Why Pau Gasol and Dwight Howard Will Define Steve Nash's Success

Branden FitzPatrickCorrespondent IOctober 25, 2012

ONTARIO, CA - OCTOBER 10:  Steve Nash #10 of the Los Angeles Lakers throws a pass against the Portland Trail Blazers at Citizens Business Bank Arena on October 10, 2012 in Ontario, California.  Portland won 93-75.  NOTE TO USER: User expressly acknowledges and agrees that, by downloading and or using this photograph, User is consenting to the terms and conditions of the Getty Images License Agreement.  (Photo by Stephen Dunn/Getty Images)
Stephen Dunn/Getty Images

Dwight Howard and Pau Gasol are the main determinants of how effective Steve Nash is going to be in Los Angeles. How well the two Los Angeles Lakers' big men play on the offensive and defensive end of the floor will determine Nash's success.

The Lakers are in the process of implementing a new offense after a rather lackluster performance in 2011-12. Along with a new offensive system usually comes a learning curve. Head coach Mike Brown’s new system is a mixture of the Princeton offense and schemes the Lakers ran last season. Brown even hired former NBA head coach Eddie Jordan to aid the installation process of the Princeton offense.

Howard has never played in the Princeton offense before. Neither has Nash, nor most of the Lakers' players for that matter. If you think the Lakers are going to come out of the gate like the Boston Celtics in 2007-08, you're mistaken. It's going to take them some time to learn to play with one another, similar to the Miami Heat after they added LeBron James and Chris Bosh

Nash should be fine learning the new offense. He's mastered the pick-and-roll, and he's smart enough to incorporate the read-and-react aspect of the Princeton offense. Gasol should be good too because the read-and-react was also a large element of the triangle offense the Lakers ran under Phil Jackson. 

Howard may struggle at first. Not only has Howard never played in the Princeton offense, but it's been years since he wasn't a team's No. 1 option. How will Howard react to being the No. 2, or possibly the No. 3 option on the Lakers offense? The pick-and-roll game isn't new to Howard, though. He did it in Orlando, and he executed with Kobe Bryant and Nash in his first preseason game with the Lakers against the Sacramento Kings

If the two big men figure out what they are supposed to do in the offense, Nash will make their life glorious. The three of them will work together to make each other look good. With the way Nash and Gasol play, their styles should mesh instantly. As mentioned, Howard may take some time to get comfortable, but eventually he'll get there. A body that big and strong will make for some first-class pick-and-rolls with Nash.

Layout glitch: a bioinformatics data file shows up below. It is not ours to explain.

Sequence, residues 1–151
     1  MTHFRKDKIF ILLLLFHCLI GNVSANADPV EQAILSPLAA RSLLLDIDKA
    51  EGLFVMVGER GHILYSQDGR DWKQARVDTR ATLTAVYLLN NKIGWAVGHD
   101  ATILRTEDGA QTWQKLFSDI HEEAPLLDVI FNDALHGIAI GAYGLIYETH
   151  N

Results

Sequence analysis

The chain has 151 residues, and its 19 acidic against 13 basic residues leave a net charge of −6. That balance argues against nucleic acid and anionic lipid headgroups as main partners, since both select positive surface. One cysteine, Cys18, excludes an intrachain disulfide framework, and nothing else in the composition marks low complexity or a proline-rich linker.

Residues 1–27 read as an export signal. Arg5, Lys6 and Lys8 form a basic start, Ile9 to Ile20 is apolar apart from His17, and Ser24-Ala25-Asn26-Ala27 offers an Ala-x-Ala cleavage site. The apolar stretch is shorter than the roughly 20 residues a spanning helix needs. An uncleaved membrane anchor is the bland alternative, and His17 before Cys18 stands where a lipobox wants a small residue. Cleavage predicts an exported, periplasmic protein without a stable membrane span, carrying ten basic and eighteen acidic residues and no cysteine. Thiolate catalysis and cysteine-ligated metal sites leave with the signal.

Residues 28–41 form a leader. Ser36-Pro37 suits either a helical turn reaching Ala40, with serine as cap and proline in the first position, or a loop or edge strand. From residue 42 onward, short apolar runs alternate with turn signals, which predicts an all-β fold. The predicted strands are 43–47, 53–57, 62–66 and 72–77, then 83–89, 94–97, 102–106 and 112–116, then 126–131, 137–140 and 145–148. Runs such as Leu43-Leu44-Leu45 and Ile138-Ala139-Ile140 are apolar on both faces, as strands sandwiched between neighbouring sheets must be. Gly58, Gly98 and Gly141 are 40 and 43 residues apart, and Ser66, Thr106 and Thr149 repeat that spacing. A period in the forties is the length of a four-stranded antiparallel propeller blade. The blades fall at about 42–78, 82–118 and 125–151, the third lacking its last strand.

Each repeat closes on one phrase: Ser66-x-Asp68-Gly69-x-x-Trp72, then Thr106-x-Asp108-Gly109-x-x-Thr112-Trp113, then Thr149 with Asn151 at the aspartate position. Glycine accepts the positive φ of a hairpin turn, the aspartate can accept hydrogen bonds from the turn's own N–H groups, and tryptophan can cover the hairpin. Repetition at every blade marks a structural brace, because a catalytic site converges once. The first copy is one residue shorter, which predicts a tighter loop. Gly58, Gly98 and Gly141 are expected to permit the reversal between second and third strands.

Offense is a short-term problem with the Lakers. With that much talent, the Lakers will eventually figure it out.

Defense, on the other hand, could be a long-term problem for the Lakers, especially if there’s an injury. This is where Nash will need his two big men to define his success the most.

It's no secret Nash is not a great defender. He's older and has a difficult time staying in front of the younger, more explosive point guards. His backcourt mate, Bryant, isn't the defender he was five years ago either. If you had to point out a weakness in the Lakers' starting lineup, it would have to be their backcourt defense.

Luckily for Nash, he has two giant post players who will clog the lanes and help out with defenders who beat him off the dribble. If Gasol or Howard misses an extended period of time, Nash's defense could be exploited.

Gasol has never necessarily been known for his defense, but he's not terrible at it by any means. When you hear of Gasol's weaknesses, defense is never one of them. For the most part, Gasol is going to have the size advantage over whoever he guards since he will be slated against power forwards when Howard is in the game. 

Defense is where Howard's presence with the Lakers will be made. He's the perfect center to pair with the backcourt of Bryant and Nash. When the Lakers first acquired Nash in a sign-and-trade, skeptics pointed out how Nash's defense could be an issue. Nash's defense would have been a huge issue if the Lakers still had Andrew Bynum.

The addition of Howard will minimize Nash's defensive issues. For example, let's say the Lakers are playing the Oklahoma City Thunder and Nash is attempting to guard Russell Westbrook. Against most opponents, Westbrook, one of the fastest players in the NBA, could shake off his defender and strike through the lane with ease. If Westbrook shakes of Nash, now all of a sudden he's got a paint full of Howard, the biggest defensive presence in the NBA. 

Howard will be Nash's life saver on defense. He's going to clog the paint, stuff the guards who beat Nash off the dribble and be a presence on the boards in order to give Nash the ball back on offense. 

Basketball is a team sport and the ways Nash, Gasol and Howard will affect each other proves that. Gasol, and eventually Howard, will help Nash be an effective point guard even at an older age. Howard, and sometimes Gasol, will cover up for Nash's deficiencies on defense.

Nash has already enjoyed a successful NBA career in Phoenix and Dallas. If Nash is to continue that success in Los Angeles, he will need Howard and Gasol more than he's needed any player ever in his career.